In terms of her individual work, Moorehead focuses on the Eastern Woodland Native American community. She recalls being a young student in school, learning from curricula that taught her that Eastern Native Woodland peoples were extinct. “That made it really difficult for me to develop an identity, when all society was telling me that I didn’t exist.” This experience repeated itself when Moorehead attended college in Massachusetts. “The professors were teaching the art of European people,” and she “constantly yearned for a Native American teacher who would teach the history of the Native Americans and their art.” These experiences led Moorehead to a decision that continues to shape her work; “When I was old enough to assert my own way of identity… I decided that, well, as an artist, I’m going to paint my people and document that we’re here. And if we’re here now we had to have been here in the past. If we’re here now, we have to be here in the future.” Today, her goal is to create pieces that will collectively validate all forms of Eastern Woodland Native identity: past, present, and future. She continues to document, through what she describes as “pinpointing the obscurity of the people. It’s saying, you know, our history was obscured for certain reasons, but it can’t be obscured if I say and paint, “here we are, right now, we’re here and have always been here!””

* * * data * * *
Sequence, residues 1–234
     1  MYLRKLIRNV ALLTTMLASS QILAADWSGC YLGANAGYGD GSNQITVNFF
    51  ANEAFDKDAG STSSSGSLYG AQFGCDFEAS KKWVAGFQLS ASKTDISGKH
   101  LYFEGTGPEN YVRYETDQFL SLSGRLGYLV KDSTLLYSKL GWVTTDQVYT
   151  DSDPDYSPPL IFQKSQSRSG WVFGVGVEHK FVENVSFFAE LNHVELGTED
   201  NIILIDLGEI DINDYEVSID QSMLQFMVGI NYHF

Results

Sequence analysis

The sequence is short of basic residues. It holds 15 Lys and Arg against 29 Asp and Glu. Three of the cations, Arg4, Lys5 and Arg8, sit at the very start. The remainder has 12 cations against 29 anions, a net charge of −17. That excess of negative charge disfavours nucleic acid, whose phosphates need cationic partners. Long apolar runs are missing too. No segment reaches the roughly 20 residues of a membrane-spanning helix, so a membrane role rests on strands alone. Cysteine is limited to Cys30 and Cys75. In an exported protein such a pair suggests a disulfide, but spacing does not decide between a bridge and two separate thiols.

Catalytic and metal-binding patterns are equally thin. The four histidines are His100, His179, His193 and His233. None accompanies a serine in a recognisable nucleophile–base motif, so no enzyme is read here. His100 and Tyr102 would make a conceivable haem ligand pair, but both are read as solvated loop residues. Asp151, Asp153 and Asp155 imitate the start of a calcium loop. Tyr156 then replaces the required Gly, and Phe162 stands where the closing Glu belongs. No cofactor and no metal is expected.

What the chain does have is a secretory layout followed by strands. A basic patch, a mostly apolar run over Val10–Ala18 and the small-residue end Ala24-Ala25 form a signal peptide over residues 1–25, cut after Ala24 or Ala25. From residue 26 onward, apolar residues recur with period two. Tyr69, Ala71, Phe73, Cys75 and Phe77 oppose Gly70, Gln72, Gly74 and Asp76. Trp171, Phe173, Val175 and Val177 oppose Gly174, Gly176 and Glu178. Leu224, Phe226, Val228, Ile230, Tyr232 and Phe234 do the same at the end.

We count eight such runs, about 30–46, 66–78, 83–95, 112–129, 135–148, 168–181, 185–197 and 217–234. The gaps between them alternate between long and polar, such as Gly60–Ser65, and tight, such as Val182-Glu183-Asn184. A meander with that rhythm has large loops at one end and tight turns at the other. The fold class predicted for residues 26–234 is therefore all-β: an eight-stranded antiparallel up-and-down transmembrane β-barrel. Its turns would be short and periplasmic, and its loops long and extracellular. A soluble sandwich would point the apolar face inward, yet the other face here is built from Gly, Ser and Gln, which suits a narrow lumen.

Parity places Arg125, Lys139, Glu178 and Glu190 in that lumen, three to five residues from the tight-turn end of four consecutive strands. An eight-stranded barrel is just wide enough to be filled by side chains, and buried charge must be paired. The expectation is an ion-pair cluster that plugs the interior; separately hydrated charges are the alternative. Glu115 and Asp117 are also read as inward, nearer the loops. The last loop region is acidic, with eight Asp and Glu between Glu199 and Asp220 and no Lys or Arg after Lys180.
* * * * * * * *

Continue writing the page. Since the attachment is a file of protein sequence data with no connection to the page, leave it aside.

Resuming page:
Moorehead’s work, therefore, functions as a part of the process of rewriting an accurate history, one that does not relegate Native people to the margins, and one that connects Native peoples within and between communities and across borders. Her pieces have been displayed in schools, universities, museums, libraries, and a variety of other public venues  across the country, including (but not limited to) the Mashantucket Pequot Museum, Brown University, Harvard University, The Museum of Fine Arts, The Rhode Island School of Design, and The Mohegan Tribal Nation. Her work has also been displayed internationally, for example, in the International Gallery of Bolivia. Both domestically and internationally, Moorehead hopes that her work speaks “the language to all indigenous people that we all have a lot of work to do.” Her intent, to link indigenous peoples together on a global level, centers itself on survival and cultural sustainability. “Our survival is very critical. We’re only one percent of the population so it’s very critical that we protect the traditions, the culture, the people [and] a lot of indigenous people are facing the same kind of issues that we’re facing,” Moorehead states.